A Sparkling Jem – On Reconciliation Day, music, parents, and allyship with Jem Cassar-Daley

Jem Cassar-Daley article by Allan Sko

“It’s very special. Honestly when the offer came through, I was just so honoured to be a part of it, especially with a line-up of artists that I have have looked up to for so many years. Their music has genuinely raised me.”

So says Jem Cassar-Daley on being invited to play at the Reconciliation Day Eve Concert, where the 21-year-old will see herself share the stage with fellow luminaries Briggs, Christine Anu, Electric Fields, Caiti Baker, and Pheno.

Reconciliation Day Eve Concert

The timing couldn’t be better for Jem. This career highlight synchronises with another; namely the release of her first EP. As well as a mature, stripped back affair, the record is a profoundly personal collection of songs deeply rooted in family.

“It’s really exciting for me to finally be able to share it,” the delightful Jem Cassar-Daley enthuses. “There are songs that I wrote during the peak of lockdown when I was thinking about Stradbroke Island; songs that go to super personal spaces. It’s a very personal project that my family has heavily inspired; the cover art is actually my grandma’s home, and she’s done a little pastel drawing of it. 

“As a teen, I would often go to Stradbroke Island with my family and friends,” Jem continues. “In this EP, there are songs about those experiences, of growing up, and the sadness of going through the first heartbreaks. I also had a lot of fun working on this project, and working on stripping it back as well. Dad helped me produce it. We did it all at home, actually.”

Father Knows Best

Ah ha, yes. Dad. The beloved, long-standing music star Troy Cassar-Daley, no less. A famous family member – particularly one that successfully operates in your field – can have perils as well as perks. Not so, says Jem.

“I’m deeply fortunate to have parents who inspired and motivated me to pursue anything musical,” Jem says. “I’m very lucky to have that wisdom and advice from Dad and Mum. 

“I don’t ever see it as trying to carve my own name or anything,” she continues. “Dad’s like, ‘just run your own race, do your own stuff, and just release what you want to release’. He said, ‘y’know, you can put off the uni degree for a little while if you want to go on the road with me’. And that’s what I ended up doing. They really nurture what I want to do.”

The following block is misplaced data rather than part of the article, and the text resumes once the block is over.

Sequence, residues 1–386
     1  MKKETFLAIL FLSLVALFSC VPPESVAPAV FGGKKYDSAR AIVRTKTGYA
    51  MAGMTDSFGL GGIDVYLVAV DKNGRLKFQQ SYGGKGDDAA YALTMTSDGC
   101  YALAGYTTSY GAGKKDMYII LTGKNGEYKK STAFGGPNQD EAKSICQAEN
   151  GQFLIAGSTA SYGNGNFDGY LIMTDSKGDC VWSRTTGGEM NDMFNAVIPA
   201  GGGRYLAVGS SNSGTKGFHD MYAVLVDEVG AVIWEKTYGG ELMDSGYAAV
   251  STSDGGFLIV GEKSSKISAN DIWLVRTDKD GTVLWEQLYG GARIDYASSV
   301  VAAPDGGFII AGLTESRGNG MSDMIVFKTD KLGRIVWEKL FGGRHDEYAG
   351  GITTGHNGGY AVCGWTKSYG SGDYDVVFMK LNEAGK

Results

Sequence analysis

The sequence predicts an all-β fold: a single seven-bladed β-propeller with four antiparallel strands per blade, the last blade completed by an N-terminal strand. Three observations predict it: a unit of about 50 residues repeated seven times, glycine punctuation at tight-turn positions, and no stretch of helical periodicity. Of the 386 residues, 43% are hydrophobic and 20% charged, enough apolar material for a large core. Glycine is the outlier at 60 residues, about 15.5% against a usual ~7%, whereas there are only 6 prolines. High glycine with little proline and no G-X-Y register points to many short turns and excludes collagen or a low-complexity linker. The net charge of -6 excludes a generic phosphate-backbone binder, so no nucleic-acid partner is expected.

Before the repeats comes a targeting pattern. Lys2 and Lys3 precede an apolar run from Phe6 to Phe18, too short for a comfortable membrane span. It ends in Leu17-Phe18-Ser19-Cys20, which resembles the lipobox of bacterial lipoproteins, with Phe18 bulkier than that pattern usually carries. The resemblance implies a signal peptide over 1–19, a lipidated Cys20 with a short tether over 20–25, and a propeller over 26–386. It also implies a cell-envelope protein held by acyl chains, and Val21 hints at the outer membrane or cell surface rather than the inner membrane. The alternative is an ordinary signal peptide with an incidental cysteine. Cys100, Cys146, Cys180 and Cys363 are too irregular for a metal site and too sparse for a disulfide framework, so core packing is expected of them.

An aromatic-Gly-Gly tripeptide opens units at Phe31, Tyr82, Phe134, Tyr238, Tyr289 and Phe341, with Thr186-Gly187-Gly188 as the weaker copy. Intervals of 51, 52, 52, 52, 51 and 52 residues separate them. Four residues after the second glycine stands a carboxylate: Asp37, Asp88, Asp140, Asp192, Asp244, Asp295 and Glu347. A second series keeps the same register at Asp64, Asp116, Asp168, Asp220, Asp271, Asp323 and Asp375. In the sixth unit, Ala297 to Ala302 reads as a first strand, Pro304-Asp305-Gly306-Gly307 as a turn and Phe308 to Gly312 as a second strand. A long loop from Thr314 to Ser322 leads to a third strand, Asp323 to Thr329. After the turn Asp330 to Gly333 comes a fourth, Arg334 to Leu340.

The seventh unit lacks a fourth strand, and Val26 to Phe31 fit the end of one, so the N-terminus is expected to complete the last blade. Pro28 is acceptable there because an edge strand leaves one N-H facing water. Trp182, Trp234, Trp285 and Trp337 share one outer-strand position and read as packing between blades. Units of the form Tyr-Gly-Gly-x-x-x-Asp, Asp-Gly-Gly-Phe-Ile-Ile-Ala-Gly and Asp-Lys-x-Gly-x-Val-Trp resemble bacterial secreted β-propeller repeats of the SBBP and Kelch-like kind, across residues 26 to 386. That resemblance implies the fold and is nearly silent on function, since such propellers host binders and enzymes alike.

Further enquiry into any specific nuggets of wisdom from Papa Troy gave an insight in a heartwarming family life.

“There’s so, so much,” Jem reveals. “He inspires me in everything that I do. He never tries to draw comparisons to what he was doing at my age, or anything like that. The funniest thing he does; whenever I’m preparing for a gig, I’ll write a little list of what to bring – amp, piano, stand – and he’ll always write some funny random stuff on the end of the note, like ‘bring talent’. 

“He inspires me to keep things simple; to think about what’s at the core of each song.”

Jem To Shine at Reconciliation Day Eve Concert

These songs will be on full display at the upcoming Reconciliation Day Eve concert. Jem can’t understate its importance.

“Seeing Electric Fields on there; they’re both such lovely people,” she says. “And Christine Anu has been such an inspiration for me. I sang her songs when I was four years old! So that’s just such a special experience for me. There’s gonna be lots of beautiful stories. And just having so many wonderful First Nations artists all in one place in one big show is going to be so cool.”

Of course, Reconciliation in the key word, and I respectfully ask Jem for her viewpoint on this.

“I think as a nation, we still have a long way to go,” she says. “But I think by having such a poignant event of storytelling, and these sorts of things, it’s really important and it brings it into the forefront of everyone’s mind. 

“We still have progress to make. But I’m really looking forward to sharing this experience with some incredible artists.”

Does Jem feel much has changed in her comparatively short lifetime?

“I’m 21, so I haven’t been around long, but I have known progress in my lifetime,” she says. “With social media, I’m fortunate to be able to connect with other First Nations artists. That’s been a great aspect of social media is sharing stories, and being able to have that element of connection with artists all around Australia.” 

And in the further spirit of reconciliation, Jem Cassar-Daley’s advice for allyship on this occasion, much like her music, is stripped back, beautifully simple, and honest.

For First Nations artists, if there’s any events or gigs coming up, just come along and support! Enjoy some stories. Music is such a great tool for storytelling and for sharing what people have gone through. It has such a powerful ability to bring people together as well. 

Jem Cassar-Daley will be playing at the Reconciliation Day Eve Concert alongside Briggs, Christine Anu, Electric Fields, Caiti Baker, and Pheno. It happens at Canberra Theatre on Sunday, 29 May. Tickets are $75 + bf via canberratheatrecentre.com.au

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